Tuesday, June 28, 2011

150 Years Ago: the St. Nicholas

On Friday, June 28, 1861, a band of Confederates captured the side-wheel steamer St. Nicholas as it made its regular run between Baltimore and Washington.

The plan was hatched by two Marylanders, George Hollins and Richard Thomas.  Hollins, who had joined the U.S. Navy in 1814 at age 15, had recently resigned his commission.  He was commissioned a captain in the Confederate Navy on June 20, 1861.  Richard Thomas was a shady character who had dropped out of West Point in 1850.  In the years before the Civil War, he was said to have fought as a mercenary in China.  He was also said to have fought with Garabaldi in Italy.  When the war started, he was calling himself Richard Thomas Zarvona.

Their plan was to capture the St. Nicholas, a passenger ship that provided supplies to various Union vessels in Chesapeake Bay, and use it to capture the U.S.S. Pawnee, one of the U.S. Navy's most powerful warships.  Virginia Governor John Letcher was excited about the plan and gave them $1000 to carry it out.  Thomas traveled to Baltimore where he bought weapons and recruited members of the raiding party.

When the steamer left Baltimore on June 28, there were around 60 passengers on board, including 16 men who had been recruited by Thomas posing as paying passengers.  But Thomas was nowhere to be found.  George Watt, one of the recruits, later said, "What worried me a lot was I couldn’t find the Colonel or anyone who looked like him.  I could see the future of the whole expedition as also I could see myself behind bars in Ft. McHenry, and the picture didn’t look a bit good to me."

Thomas was on board, disguised as a flirtatious Frenchwoman named Madame LaForce.  Watt later described "her" as "a mighty pretty young woman, stylishly dressed, flirting outrageously with some of the young officers.  She talked with a strong French accent and carried a fan which she used like a Spanish dancer.  That young woman behaved so scandalously that all the other women on the boat were in a terrible state over it."  Other passengers said she was petite, wore a hoop skirt and covered her face with a veil that exposed only her bright red lips.  Mme. LaForce soon retired to her cabin to sort through three trunks of fine French hats.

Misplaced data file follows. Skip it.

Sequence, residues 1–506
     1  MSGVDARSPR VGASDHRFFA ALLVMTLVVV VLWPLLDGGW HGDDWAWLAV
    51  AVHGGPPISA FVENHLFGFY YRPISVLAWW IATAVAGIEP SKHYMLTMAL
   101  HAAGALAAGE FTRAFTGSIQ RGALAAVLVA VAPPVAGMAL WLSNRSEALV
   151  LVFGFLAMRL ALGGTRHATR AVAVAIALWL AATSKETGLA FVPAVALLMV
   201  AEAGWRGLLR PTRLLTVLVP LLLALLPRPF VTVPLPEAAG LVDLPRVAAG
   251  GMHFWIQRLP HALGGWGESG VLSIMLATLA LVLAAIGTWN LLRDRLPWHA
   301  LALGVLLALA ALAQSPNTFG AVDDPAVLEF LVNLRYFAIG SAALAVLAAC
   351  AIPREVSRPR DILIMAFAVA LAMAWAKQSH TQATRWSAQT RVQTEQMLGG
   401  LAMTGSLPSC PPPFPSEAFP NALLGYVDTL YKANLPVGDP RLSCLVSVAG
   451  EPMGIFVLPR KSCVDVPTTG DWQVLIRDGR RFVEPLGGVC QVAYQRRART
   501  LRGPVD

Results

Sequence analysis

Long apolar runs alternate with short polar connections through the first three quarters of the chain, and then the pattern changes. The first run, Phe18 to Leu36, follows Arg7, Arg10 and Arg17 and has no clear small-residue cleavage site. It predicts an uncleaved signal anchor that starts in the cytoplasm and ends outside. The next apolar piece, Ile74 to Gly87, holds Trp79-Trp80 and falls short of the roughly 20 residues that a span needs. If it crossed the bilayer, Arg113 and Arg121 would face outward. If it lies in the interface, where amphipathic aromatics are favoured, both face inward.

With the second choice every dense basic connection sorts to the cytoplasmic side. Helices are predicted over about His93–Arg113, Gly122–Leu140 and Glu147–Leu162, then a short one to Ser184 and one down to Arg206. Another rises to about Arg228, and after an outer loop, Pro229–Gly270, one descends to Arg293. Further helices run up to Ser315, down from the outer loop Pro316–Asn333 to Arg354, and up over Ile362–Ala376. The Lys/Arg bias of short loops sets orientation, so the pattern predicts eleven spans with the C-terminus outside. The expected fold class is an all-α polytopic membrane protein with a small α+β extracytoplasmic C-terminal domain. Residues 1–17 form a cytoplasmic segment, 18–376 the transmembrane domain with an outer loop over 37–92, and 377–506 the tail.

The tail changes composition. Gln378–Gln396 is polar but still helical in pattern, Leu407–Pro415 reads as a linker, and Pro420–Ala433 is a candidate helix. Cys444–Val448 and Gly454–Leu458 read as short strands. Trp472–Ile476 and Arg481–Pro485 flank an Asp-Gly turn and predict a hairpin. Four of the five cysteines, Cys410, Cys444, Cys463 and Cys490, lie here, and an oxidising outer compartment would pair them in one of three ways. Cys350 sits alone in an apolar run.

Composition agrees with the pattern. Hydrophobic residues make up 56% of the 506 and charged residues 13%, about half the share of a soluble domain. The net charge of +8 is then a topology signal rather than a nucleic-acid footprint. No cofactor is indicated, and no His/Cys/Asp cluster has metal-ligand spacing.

George Hollins boarded the steamer at its first stop at Point Lookout.  Soon, the band of pirates met up in the Frenchwoman's room.  There, in the three trunks under the fine French hats, were the weapons.  They quickly armed themselves, then took over the ship.  With Hollins now in command, they locked the Union soldiers and the ship's crew in the hold, then landed on the Virginia bank of the Chesapeake to pick up a crew of Confederate soldiers.

They eventually learned that the Pawnee, the object of the mission, had been recalled to Washington, so they headed toward the Rappahannock.  En route they encountered and captured three more merchant vessels, the Monticello, loaded with 3500 bags of Brazilian coffee, the Mary Pierce and her 200 tons of ice, and the Margaret, with 270 tons of coal. 

The band became instant celebrities in the Confederacy.  Hollins soon received a promotion to commodore and was sent to New Orleans to command the naval forces there at the end of July.  Thomas met with Virginia Governor John Letcher, who commissioned him as a colonel in the active volunteer forces of the State.  On July 8, he would try another daring mission, to capture the Columbia, a sister ship of the St. Nicholas.  But the captain of the St. Nicholas was on board, on his way home after being released by the Confederate authorities.  He recognized the men and they were arrested.  Thomas was finally exchanged in 1863 and spent the remainder of the war in Europe.

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